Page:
Cardinal and Theological Virtues (Raphael)
|Dimensions||6.6 m (22 ft) wide|
|Location||Vatican Museums, Vatican City|
The Cardinal and Theological Virtues is a fresco by Raphael as part of his Stanza della Segnatura in the Palazzi Vaticani in Vatican City. It is 6.6m wide at the base. The cardinal virtues are personified as three women in a bucolic landscape, and the theological virtues by cupids:
- Fortitude, a woman holding an oak branch, with the branch shaken by the cupid Charity
- Prudence, with two faces, looking in a mirror, with a cupid Hope behind her holding a flaming torch
- Temperance, holding reins in her hand, guarding a cupid Faith, who points at the sky with his right hand
Another interpretation might see Prudence as holding the reins and Temperance with two faces. Prudence is traditionally called auriga virtutum (the charioteer of the virtues); it guides the other virtues by setting rule and measure and Temperance moderates the attraction of the pleasures of the senses and provides balance in the use of created goods. See the Catechism of the Catholic Church (1806, and 1838).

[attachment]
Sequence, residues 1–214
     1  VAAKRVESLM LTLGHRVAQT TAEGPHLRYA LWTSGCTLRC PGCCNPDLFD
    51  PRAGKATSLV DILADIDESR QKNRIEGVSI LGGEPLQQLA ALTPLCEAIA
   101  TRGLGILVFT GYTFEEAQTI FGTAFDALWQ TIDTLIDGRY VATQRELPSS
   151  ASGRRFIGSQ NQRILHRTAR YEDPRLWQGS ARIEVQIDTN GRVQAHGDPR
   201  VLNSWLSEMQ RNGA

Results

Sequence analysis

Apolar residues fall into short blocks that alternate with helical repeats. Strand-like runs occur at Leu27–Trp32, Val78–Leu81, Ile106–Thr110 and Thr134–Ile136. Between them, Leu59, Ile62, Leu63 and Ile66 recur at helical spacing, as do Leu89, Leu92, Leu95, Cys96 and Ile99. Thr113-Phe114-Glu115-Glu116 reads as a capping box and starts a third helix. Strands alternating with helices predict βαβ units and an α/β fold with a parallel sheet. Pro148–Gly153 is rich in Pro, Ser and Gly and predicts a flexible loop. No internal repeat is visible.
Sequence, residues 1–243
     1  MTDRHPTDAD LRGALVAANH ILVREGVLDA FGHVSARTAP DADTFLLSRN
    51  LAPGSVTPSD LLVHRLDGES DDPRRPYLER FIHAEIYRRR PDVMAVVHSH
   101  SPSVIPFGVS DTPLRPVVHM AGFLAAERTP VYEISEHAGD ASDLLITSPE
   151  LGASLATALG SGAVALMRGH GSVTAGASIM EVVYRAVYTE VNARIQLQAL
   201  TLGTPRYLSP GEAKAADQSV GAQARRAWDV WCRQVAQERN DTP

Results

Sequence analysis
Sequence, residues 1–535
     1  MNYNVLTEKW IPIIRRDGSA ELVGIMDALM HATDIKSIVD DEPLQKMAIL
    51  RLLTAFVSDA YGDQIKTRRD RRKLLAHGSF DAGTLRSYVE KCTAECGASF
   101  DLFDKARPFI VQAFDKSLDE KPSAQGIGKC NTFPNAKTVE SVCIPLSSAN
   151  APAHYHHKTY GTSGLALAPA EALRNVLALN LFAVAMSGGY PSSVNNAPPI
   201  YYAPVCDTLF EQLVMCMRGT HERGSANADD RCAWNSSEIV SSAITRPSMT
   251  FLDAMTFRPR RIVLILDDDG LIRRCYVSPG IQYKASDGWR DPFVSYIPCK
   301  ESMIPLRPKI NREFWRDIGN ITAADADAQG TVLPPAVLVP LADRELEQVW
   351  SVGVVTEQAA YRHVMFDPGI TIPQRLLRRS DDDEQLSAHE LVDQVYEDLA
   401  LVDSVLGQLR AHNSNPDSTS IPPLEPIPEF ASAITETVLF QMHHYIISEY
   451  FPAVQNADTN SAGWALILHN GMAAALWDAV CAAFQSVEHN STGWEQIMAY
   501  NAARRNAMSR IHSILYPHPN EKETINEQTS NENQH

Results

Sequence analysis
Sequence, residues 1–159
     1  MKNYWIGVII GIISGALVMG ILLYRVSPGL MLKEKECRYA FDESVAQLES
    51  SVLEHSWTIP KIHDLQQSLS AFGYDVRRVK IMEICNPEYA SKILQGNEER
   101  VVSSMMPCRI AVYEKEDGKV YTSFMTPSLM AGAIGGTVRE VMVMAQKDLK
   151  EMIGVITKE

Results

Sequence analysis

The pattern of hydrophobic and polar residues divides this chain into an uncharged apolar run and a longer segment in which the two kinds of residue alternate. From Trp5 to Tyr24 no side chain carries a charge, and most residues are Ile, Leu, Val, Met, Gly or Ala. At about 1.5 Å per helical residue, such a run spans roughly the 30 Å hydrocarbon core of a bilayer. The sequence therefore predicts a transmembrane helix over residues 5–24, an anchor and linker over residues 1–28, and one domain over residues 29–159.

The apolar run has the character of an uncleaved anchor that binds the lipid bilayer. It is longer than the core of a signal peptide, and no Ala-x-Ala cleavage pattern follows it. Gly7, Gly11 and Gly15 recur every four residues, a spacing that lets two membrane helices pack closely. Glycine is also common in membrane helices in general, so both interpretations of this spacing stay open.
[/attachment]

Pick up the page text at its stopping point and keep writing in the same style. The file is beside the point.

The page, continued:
It was painted in 1511 as the fourth part, after the Disputation of the Holy Sacrament, The School of Athens and The Parnassus, of Raphael's commission to decorate with frescoes the rooms that are now known as the Stanze di Raffaello, in the Apostolic Palace in the Vatican. It is located in the Stanza della segnatura and allegorically presents fortitude, prudence and temperance.
Prudence holds up a mirror because she sees the truth clearly. Fortitude's attribute is the lion which she has in her lap and Temperance has a putto in reins, she is tempering him. The fourth virtue, Justice, is depicted in the tondo on the ceiling. Fortitude holds a Della Rovere oak tree and her legs and drapery are derived almost directly from those of Michelangelo’s “Moses”. Prudence has two faces one young looking into a mirror and the other old and bearded looking back. The long loops of Temperance’s bridle continue the curves of the composition. These large reclining figures in bulky fabric aren’t much unlike the great sibyls of the Sistine chapel ceiling.